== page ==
Military coups in Africa, the most important legacy of Western colonialism
Military coups in African countries, which have increased significantly in recent years, are the most important legacy of the Western colonial powers.
In their grab for influence and resources, colonial powers drew artificial borders across the Middle East and Africa, often arbitrarily splitting traditional tribal territories into new states.
These Western imperialists turned African countries into hotbeds of conflict and war, exposing them to violent changes of power to the point that the number of coups exceeded 200 since the late 1950s.
The latest military takeover in Africa took place last week in Guinea after the country’s president, Alpha Conde, was overthrown by the junta.
So far this year, there's been a noticeably higher than average number of coups compared with the previous two decades (Niger, Chad, Mali and Guinea).
While African countries have been striving for national unity since gaining independence from European colonists, most are still involved in political crises and military coups.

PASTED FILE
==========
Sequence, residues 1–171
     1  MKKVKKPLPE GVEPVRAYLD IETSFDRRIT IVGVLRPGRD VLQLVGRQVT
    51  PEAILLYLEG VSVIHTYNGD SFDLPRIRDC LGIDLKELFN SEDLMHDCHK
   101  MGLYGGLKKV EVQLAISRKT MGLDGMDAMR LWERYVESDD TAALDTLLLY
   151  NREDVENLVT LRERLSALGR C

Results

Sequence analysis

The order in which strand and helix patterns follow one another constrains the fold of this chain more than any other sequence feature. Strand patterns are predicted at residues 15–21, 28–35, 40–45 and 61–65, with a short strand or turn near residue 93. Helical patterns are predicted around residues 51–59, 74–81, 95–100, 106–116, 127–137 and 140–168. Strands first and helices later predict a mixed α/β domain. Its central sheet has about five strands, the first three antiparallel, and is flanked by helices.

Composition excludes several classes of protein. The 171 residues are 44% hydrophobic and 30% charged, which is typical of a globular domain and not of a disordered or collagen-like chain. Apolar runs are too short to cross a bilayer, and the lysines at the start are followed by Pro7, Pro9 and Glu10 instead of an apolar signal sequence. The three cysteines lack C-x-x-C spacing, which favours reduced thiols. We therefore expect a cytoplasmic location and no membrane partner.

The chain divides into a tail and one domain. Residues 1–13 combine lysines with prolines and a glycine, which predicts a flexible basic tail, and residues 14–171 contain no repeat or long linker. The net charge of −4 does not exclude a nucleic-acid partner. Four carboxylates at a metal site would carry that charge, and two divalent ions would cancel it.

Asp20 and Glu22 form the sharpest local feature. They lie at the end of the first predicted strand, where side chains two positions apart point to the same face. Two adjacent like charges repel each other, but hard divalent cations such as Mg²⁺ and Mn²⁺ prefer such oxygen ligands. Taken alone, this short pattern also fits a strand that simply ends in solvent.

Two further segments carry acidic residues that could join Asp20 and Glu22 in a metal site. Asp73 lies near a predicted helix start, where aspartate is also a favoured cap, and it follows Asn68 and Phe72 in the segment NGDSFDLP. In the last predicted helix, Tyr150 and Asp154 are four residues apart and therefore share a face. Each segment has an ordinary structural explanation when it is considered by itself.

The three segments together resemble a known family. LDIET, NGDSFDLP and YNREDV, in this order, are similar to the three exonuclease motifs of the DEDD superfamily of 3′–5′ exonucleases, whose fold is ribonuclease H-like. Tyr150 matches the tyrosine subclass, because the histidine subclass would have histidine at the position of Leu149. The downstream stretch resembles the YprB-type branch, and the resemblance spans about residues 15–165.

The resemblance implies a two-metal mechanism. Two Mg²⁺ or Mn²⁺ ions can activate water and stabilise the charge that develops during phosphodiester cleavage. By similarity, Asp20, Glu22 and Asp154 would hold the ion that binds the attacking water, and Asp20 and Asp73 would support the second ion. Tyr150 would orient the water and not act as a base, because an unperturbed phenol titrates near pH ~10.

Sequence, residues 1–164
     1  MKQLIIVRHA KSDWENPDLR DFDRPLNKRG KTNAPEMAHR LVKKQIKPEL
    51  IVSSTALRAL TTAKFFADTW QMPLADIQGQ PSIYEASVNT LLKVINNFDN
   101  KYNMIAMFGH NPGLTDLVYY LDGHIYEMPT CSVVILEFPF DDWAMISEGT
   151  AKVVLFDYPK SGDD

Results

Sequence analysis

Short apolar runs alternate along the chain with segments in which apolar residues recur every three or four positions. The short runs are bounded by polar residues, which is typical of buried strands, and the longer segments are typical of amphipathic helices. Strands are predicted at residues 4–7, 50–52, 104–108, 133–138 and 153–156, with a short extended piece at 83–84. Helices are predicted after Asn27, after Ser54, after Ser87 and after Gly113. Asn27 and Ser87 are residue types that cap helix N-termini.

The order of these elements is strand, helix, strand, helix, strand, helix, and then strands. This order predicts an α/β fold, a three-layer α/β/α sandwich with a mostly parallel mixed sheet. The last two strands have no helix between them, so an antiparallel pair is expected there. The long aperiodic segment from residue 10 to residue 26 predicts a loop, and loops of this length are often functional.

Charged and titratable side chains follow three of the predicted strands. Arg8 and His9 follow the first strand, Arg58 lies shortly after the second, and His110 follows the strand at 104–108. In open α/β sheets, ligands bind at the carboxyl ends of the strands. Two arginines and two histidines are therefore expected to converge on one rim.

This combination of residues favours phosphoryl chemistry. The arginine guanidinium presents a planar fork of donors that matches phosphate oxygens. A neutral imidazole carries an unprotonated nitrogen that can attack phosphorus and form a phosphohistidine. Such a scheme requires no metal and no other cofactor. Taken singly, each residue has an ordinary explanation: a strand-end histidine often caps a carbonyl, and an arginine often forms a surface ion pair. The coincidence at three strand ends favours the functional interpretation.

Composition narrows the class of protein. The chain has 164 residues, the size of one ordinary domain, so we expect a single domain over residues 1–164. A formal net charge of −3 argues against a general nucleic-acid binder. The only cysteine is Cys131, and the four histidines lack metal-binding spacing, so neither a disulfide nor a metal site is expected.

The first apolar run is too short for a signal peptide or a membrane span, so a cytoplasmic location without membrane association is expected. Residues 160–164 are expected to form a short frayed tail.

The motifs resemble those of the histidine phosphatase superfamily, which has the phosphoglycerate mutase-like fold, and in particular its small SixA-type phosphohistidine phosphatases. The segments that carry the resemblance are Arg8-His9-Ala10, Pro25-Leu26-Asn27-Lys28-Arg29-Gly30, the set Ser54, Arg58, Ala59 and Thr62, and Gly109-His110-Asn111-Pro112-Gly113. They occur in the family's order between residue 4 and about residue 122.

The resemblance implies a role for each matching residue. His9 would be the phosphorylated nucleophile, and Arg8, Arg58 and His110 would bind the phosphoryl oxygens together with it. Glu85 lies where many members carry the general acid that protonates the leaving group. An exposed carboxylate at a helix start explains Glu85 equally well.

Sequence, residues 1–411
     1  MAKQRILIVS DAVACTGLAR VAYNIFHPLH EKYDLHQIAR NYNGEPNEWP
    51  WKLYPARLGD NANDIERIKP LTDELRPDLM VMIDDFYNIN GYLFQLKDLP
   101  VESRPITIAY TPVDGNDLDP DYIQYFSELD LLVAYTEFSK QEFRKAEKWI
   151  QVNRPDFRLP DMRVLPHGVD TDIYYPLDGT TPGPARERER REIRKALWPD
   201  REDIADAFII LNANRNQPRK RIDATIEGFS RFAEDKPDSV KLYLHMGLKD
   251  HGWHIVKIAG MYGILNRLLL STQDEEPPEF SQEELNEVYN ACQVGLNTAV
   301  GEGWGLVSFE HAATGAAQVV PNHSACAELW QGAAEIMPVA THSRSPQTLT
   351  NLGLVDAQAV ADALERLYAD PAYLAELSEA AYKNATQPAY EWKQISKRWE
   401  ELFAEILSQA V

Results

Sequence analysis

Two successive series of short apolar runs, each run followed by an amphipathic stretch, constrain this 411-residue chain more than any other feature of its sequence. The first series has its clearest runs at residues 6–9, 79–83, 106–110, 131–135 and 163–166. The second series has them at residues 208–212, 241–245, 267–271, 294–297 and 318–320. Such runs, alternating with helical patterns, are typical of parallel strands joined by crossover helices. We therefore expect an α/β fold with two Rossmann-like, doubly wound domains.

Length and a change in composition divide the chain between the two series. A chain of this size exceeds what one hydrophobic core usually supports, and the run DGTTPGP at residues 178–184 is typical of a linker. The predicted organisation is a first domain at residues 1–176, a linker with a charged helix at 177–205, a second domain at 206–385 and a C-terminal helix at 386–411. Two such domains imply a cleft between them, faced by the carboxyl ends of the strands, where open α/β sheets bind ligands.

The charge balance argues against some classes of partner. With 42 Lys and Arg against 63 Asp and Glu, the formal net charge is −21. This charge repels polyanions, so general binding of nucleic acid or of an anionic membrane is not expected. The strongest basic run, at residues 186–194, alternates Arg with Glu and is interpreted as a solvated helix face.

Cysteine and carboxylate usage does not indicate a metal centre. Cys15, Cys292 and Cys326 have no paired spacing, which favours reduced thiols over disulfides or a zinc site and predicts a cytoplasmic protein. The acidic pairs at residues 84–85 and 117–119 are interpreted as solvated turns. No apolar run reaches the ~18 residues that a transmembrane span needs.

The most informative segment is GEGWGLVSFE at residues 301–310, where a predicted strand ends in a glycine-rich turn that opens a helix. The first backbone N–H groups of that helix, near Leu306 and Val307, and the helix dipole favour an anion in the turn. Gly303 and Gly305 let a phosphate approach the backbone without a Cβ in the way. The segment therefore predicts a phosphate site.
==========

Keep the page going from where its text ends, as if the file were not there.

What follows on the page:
Experts say Europe's arbitrary post-colonial borders left Africans bunched into countries that don't represent their heritage, a contradiction that still troubles them today.
Western observers have blamed the continent’s political violence to rising tide of terror groups, but African scholars have long maintained that the national borders in Africa, most of which date back to the period in the late 1800s when European powers divided up most of the continent in a flurry of diplomatic agreements and colonial wars now known as the “Scramble for Africa,” are actually one of the biggest sources of its present-day strife and violence.
Studies have shown that traditional ethnic homelands that are now partitioned by national borders see more violence than ethnic areas that avoided being split during the colonial era and are still wholly contained in a single contemporary African state.